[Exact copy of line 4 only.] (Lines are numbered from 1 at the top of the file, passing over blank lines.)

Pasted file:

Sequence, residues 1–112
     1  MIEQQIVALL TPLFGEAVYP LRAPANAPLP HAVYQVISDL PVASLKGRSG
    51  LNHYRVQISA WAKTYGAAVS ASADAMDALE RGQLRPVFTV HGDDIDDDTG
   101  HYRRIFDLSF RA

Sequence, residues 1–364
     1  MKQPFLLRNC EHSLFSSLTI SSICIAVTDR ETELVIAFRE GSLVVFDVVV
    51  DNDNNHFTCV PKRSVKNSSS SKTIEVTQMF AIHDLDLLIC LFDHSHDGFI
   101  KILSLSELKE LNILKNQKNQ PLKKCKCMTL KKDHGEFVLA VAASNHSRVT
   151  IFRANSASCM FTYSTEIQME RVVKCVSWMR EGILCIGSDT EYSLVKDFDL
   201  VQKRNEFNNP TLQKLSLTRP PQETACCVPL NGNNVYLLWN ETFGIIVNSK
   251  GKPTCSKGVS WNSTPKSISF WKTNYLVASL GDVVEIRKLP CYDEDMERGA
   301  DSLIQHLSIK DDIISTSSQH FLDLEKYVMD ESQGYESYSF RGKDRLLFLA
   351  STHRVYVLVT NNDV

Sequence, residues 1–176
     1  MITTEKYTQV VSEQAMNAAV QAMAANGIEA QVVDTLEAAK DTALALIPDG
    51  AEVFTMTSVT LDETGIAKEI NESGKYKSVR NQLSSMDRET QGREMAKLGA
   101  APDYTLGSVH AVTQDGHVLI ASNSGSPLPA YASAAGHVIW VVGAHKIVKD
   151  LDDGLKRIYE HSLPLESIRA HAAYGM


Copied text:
   101  HYRRIFDLSF RA